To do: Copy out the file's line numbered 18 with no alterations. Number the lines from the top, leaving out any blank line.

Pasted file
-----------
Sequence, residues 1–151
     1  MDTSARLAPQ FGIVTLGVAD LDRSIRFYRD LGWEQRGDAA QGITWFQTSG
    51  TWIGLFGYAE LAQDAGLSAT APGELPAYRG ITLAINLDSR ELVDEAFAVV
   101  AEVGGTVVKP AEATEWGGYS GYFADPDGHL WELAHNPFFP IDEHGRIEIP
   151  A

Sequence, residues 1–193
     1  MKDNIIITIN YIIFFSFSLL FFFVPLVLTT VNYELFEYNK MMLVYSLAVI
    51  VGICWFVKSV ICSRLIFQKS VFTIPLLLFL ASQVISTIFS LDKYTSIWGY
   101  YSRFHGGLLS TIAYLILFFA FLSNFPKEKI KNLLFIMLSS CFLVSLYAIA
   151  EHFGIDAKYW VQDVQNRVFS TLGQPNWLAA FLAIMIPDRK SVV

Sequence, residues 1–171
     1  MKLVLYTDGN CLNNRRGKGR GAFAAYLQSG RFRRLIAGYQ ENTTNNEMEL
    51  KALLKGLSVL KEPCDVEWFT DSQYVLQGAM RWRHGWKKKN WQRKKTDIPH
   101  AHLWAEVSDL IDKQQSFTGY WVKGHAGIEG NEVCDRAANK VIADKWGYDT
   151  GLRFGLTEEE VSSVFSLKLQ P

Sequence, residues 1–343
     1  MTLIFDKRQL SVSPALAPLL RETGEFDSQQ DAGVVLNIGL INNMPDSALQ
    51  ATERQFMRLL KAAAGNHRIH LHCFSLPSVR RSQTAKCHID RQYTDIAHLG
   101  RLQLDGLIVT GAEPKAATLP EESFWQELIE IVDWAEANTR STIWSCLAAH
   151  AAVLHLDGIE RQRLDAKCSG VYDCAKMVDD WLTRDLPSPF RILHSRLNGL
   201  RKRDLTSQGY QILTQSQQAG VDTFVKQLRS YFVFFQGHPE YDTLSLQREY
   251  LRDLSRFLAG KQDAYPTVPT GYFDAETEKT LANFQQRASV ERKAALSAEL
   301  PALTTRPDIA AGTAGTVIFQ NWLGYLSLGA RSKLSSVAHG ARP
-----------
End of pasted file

    51  ATERQFMRLL KAAAGNHRIH LHCFSLPSVR RSQTAKCHID RQYTDIAHLG